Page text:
We feel satiated after completing a lot of projects while at St. George RV Resort.
The manager of the park introduced us to their new woodworking skilled maintenance man to see about building our dual desk unit. We didn’t think it’d be possible to build something quick enough for us to get back on the road within a week – and were thrilled with the quote, the time frame and David’s easy-going attitude.
So the first step was deciding what we wanted. We got Ben & Karen’s input on configuration – we came up with the shape.
As soon as we came up with the shape, David went right to work and was back two nights later with the desk unit pretty much completed.
We were immediately thrilled with the desk unit.
We also had an idea about a fold out table that would be in place of the old cabinet (which is now the support structure for the middle of the desk unit). This was a more complicated project to figure out, as we had a lot of ideas on how versatile we wanted it to be.
We wanted something that could fold away, leaving plenty of room for yoga & workout space.
And then we wanted it to fold out to become a bit of extra desk space and/or surface space for the passenger chair, without being in the way.
We came up with a fold out support arm to help hold up the weight of the table.
And then we wanted the table to fold out once again.
This space will be for crafting projects, gaming or as a dining table when needed. As the couch pulls out to the width of a single bed, it meets up pretty nicely – while still leaving room to pass by.
The back of the desk was designed to be about an inch away from the windows, leaving plenty of room for routing cables. And all the while, David built in ample structural support so that the whole unit will be solid while underway.
We’re really happy with how this all came out! Next up is getting another desk chair and two large monitors.
See the white stripe going up between the blinds? That’s a new holder for our inverter control panel, with the wires running up the inside and then into the battery bay below.
While the project was more minor from a wood working stance, this is a huge improvement to our new lithium battery & inverter system. (I forced Chris to sit down the other evening and write – he has most of the post with all of our research on lithium ion written. We hope to have it online soon.. promise!)
In-between all the interior projects – we decided to tackle some engine maintenance. We easily changed out the compressor air filter, which was a cruddy mess.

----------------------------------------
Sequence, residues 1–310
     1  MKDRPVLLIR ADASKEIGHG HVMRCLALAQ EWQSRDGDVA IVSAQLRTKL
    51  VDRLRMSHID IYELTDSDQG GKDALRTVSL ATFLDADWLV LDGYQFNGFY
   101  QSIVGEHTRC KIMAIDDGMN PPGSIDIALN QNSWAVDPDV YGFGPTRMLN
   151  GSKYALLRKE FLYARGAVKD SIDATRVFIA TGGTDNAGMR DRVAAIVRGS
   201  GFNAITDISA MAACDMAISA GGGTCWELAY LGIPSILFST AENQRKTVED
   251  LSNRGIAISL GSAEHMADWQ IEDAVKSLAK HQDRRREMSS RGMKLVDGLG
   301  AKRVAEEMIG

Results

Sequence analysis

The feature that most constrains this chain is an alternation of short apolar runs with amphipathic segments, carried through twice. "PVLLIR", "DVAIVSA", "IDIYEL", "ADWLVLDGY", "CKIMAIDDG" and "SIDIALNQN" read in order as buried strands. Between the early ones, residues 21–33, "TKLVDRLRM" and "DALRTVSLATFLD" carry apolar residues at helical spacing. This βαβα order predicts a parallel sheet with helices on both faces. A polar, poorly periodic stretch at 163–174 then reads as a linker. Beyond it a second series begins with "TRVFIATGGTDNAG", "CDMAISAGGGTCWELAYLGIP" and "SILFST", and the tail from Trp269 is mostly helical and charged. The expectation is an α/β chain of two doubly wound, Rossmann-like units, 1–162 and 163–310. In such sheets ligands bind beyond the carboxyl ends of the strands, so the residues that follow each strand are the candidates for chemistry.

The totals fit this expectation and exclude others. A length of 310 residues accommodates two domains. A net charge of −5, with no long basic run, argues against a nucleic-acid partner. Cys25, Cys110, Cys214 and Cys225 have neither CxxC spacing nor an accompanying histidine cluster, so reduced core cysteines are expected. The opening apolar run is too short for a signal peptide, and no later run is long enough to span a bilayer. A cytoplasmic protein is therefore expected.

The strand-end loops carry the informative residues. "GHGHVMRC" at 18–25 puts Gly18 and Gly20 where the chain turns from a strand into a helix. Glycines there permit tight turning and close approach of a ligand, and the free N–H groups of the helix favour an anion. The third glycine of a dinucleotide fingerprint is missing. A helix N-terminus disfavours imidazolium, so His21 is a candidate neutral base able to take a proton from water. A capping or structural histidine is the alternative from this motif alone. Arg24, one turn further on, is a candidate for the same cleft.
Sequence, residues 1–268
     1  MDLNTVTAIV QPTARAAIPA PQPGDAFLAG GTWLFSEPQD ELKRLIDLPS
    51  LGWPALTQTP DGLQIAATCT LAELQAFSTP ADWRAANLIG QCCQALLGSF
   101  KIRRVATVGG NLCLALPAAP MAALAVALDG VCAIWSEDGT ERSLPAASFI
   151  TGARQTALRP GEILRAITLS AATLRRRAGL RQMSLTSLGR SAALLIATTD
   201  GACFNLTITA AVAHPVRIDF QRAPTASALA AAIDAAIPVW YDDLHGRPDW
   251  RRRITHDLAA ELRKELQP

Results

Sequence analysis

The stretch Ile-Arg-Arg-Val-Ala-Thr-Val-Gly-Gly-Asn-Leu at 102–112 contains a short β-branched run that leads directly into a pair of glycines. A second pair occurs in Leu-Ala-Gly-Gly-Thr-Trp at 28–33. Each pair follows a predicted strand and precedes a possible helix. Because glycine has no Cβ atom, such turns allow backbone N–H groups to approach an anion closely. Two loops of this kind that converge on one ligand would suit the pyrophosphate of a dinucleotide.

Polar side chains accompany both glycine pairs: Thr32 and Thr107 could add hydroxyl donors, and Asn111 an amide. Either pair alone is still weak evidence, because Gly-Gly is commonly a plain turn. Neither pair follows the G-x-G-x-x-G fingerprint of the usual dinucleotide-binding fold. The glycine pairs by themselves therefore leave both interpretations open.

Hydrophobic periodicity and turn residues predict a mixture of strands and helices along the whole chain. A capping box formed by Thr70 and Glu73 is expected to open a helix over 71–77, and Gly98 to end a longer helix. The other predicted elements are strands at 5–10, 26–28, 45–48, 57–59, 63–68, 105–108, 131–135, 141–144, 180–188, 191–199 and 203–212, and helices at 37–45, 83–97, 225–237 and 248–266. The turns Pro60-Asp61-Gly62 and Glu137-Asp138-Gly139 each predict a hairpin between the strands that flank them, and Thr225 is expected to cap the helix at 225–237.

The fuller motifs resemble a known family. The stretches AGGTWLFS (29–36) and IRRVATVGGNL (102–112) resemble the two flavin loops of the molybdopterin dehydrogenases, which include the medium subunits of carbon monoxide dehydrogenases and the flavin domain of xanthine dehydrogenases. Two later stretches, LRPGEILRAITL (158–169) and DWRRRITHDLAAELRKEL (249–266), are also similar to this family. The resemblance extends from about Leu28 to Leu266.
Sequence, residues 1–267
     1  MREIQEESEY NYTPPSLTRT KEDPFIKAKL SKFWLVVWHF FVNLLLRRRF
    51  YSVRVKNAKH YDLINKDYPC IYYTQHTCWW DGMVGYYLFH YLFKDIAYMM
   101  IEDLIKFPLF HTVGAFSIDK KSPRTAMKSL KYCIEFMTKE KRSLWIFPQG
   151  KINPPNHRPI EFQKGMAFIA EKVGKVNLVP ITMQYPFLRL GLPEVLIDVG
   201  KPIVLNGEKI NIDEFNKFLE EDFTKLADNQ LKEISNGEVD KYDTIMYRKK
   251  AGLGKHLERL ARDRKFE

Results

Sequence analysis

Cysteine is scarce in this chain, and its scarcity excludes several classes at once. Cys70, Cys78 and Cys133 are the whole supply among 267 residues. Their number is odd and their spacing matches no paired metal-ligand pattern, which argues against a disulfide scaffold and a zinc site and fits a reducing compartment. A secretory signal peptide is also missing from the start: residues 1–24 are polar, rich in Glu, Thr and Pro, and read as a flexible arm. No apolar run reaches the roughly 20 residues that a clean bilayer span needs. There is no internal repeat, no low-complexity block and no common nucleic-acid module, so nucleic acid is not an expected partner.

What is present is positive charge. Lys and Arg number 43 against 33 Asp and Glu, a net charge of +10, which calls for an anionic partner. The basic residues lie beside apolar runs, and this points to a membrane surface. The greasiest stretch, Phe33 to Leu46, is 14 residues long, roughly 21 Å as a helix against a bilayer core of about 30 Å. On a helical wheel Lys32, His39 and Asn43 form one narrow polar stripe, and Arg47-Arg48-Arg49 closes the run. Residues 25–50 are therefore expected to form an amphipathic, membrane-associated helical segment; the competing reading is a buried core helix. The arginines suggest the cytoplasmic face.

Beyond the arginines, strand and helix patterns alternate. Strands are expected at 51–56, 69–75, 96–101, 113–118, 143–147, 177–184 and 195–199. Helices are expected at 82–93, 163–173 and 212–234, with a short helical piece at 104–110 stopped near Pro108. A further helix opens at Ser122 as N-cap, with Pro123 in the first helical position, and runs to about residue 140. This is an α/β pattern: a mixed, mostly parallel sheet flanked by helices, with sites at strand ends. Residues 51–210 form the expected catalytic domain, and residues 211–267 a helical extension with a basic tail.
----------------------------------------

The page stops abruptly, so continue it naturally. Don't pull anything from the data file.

And then we moved on to the air intake filter. Originally the GM 4106 came with oil based air filters, but a previous owner had switched it out to a paper canister by EcoLite. And while this is a good change in theory, it was done in what ‘bus yoda’ calls a ‘cobbled up mess’.
The project ended up taking us substantially longer than it should have, namely because of a green hose – which is what we assume to be sewer line. It’s rigid, and has grown even more so over the years.
After removing the old filter from the top of the engine, we had to pry it off.
But getting the new filter back into the engine was more of a challenge. No matter what we did, it would not remount to the intake connection. The hose was too rigid to make the awkward turn at the top of the engine and we can only assume the previous owner put in the filter mounts AFTER the filter was in, and it was blocking the path.
A quick consultation with yoda, and he said it was safe to use aluminum dryer venting wrapped in aluminum tape (which we could get locally) as a temporary fix so that we could ‘boogie on’. But ideally we should replace it with something more substantial.
It was obviously a good thing we changed out the filter. In the process, we installed a filter minder that will help us keep tabs on the status of the new filter, and when it should be changed next.
We fired up the engine, and to our amazement the bus aired up in a snap. It had been getting to a point that it took 5-8 minutes to reach a safe air pressure. Work well done, and obviously long overdue!
And wouldn’t you know it? Just as soon as we shut the engine door and switched tasks to packing up – we found a piece of rigid rubber hose in our spare parts bay that looked like it was meant to replace that pesky green sewer line. D’oh!
Onward to where?
With major projects completed, we are mostly packed up to head out this morning – despite the park’s flattering request we stay another week and present more talks. We’ll return here for sure in the future – we’ve thoroughly enjoyed our stay, and we couldn’t ask for better park hosts and new friends
As us nomads are great at doing, we delayed deciding our route until the last minute… and even added a new twist!
We’ve decided that we really want to attend the Bus Conversion Magazine Rally in Chattanooga, TN. It’s just too good of an opportunity to pass up to get in on some workshops that could really aid our bus knowledge, and connect with other bus nuts.
We’re aiming to get to Salida, CO to visit with friends this weekend. From there, we’ll meander eastward with a quick stop in St. Louis. Then we’ll make the final trek into Chattanooga aiming to arrive for the start of the workshops on October 10th. It’ll be a quicker trip than we’d like, but we think it’ll be worth it.
If you’re along the route, please do let us know – we always love making time to meet folks!
After the rally ends, we’ll need to double back to St. Louis to complete dealing with the stuff we stored in Chris’ parent’s basement after we moved out of the Oliver. His folks start their snowbird journey south soon after.